In summary, studies on the efficacy of DBS for central pain remain conflicting. Chronic pain has been treated with deep brain stimulation since the 1950s *. This has involved stimulation of multiple target points in the human brain. All these target points have in common that they belong to the pain network in the brain.

Interestingly, in the 1970s, DBS was then considered a safe and effective therapy only for chronic pain syndromes – and not for movement disorders. Today, by contrast, it is precisely movement disorders that make up a large proportion of the indications for DBS.

The therapeutic efficacy for chronic pain was questioned after the publication of two larger, multicenter studies in 1976 and 1990. These studies failed to achieve the desired effect of a 50% improvement in pain in at least 50% of patients *. However, these studies were criticized by many experts. Ultimately, it must be concluded that these studies do not meet today's scientific standards and are therefore of little significance in our view.

Other studies since the 1990s published fluctuating success figures between 24–83% *.

From our own experience, about half of patients with central pain after stroke benefit from DBS. The results between the respective patients vary between 0 and 100% of the perceived pain intensity *.

Most studies and also our experience show that in many patients, despite initially good efficacy on pain, there is a loss of effect over time and the stimulation settings have to be changed several times. Since only about 100 patients with chronic post-stroke pain have been treated with deep brain stimulation worldwide, 10 of them at the Inselspital in Bern, the actual efficacy of DBS for central post-stroke pain cannot be conclusively assessed at this time.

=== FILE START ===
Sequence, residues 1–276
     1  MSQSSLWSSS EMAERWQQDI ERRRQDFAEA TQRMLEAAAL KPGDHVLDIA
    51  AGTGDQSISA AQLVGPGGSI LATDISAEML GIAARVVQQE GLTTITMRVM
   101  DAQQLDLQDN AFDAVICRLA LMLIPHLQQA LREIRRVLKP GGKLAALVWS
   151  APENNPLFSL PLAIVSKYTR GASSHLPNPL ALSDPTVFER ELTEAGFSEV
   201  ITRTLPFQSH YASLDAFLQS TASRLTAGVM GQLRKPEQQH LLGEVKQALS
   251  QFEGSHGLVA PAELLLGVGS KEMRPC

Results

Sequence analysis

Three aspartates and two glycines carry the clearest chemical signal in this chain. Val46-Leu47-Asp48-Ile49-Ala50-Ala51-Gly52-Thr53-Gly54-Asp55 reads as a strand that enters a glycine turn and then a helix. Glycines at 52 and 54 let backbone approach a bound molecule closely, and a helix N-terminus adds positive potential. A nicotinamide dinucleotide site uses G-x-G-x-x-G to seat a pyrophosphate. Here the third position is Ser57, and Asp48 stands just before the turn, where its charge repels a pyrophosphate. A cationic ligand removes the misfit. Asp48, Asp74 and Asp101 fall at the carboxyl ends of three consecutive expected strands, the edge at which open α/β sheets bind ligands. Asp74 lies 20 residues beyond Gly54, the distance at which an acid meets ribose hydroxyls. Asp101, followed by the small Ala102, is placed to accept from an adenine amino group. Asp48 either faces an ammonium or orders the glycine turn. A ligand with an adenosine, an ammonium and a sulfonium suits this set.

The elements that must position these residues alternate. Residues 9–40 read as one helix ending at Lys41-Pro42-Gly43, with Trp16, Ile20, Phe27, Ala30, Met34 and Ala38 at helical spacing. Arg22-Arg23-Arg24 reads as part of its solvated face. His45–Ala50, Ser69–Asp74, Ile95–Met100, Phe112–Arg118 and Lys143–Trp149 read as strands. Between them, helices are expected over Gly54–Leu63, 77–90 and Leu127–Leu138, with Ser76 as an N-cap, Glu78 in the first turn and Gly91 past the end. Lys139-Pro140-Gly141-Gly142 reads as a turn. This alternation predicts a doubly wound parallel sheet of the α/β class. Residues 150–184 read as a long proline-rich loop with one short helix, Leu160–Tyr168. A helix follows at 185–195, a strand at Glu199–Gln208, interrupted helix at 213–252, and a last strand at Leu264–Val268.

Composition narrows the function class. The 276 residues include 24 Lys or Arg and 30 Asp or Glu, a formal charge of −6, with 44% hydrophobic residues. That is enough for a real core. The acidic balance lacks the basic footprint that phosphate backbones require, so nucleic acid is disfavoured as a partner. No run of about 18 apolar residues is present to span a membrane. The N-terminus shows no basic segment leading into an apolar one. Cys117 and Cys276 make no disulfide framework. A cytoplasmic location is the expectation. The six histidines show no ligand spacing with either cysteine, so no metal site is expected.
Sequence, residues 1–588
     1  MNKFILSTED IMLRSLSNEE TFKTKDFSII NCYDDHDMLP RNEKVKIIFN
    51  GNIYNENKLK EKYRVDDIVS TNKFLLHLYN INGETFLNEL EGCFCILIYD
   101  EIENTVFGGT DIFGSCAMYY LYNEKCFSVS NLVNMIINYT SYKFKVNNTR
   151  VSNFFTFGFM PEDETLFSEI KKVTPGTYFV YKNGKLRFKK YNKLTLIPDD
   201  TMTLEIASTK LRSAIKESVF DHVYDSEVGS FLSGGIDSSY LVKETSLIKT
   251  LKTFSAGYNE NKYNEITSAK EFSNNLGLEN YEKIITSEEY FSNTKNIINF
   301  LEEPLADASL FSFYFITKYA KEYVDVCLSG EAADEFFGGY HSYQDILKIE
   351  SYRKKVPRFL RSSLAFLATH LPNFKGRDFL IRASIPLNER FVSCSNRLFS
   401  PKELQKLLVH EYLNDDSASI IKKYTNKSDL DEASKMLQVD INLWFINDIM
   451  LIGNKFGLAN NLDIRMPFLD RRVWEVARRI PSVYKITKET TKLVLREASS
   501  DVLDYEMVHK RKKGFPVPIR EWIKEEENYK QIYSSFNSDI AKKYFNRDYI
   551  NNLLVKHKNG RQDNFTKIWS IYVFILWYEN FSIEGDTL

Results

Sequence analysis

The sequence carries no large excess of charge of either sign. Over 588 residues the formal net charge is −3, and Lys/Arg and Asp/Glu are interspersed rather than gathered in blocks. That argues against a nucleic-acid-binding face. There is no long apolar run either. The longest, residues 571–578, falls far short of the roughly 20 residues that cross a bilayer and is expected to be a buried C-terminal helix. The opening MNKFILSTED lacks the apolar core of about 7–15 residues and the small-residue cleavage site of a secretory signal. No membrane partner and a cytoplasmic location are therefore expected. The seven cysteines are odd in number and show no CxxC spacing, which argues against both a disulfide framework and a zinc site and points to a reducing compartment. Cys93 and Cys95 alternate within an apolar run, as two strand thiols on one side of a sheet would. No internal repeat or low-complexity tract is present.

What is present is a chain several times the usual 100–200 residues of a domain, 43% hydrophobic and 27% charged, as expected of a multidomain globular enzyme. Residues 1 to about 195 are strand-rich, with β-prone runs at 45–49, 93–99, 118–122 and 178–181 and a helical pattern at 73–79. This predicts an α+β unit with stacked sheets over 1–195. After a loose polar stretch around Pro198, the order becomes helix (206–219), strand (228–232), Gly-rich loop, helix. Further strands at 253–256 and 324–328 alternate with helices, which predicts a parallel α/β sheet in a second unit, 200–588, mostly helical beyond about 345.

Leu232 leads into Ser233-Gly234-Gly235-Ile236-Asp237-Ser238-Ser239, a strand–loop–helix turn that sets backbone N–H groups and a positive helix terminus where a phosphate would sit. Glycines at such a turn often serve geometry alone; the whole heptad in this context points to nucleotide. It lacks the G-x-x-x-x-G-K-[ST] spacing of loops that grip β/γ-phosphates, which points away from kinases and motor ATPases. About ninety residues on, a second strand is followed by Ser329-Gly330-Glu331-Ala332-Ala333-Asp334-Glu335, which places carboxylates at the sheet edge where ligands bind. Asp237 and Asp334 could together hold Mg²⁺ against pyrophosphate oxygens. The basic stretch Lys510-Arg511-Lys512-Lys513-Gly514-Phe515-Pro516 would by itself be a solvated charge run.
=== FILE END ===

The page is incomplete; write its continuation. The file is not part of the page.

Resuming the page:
Current: Burst DBS study at Inselspital

Habituation effects to DBS are the crucial factor in long-term therapy failure. For this reason, we believe it is urgently necessary to explore alternative forms of stimulation in the hope of improving long-term outcomes in DBS therapy.

At Inselspital, to the best of our knowledge, the world's first prospective randomized study on the effectiveness of deep brain stimulation in the treatment of central pain syndromes is underway.

In our trial, we are comparing the efficacy and safety of two different forms of stimulation: normal deep brain stimulation with Burst deep brain stimulation. For this purpose, 20 patients with central pain after stroke or neuropathic facial pain (zoster neuralgia, neuropathic pain after injury, after dental treatment or maxillofacial surgery, etc.) are included in our trial.

If you are a patient and interested in enrolling in our Burst DBS study, please contact the principal investigator, PD Andreas Nowacki, MD.

Burst DBS study

Patient selection

Before the actual surgery, a very good patient selection is the prerequisite for the success of the treatment. Not all patients are suitable candidates for DBS surgery.

The indication must be discussed and jointly made by neurologists, neurosurgeons, neuropsychologists and psychiatrists on an interdisciplinary basis. All potential candidates are discussed at Inselspital within the context of an interdisciplinary board. Here, the indication, advantages and disadvantages of certain treatment alternatives to DBS (focused ultrasound), the exact target point with the expected effects and side effects are discussed in the context of the patient's respective clinical picture and his individual needs. Criteria such as operability and other concomitant factors (e.g., neuropsychological findings, concomitant psychiatric disorders) are also considered.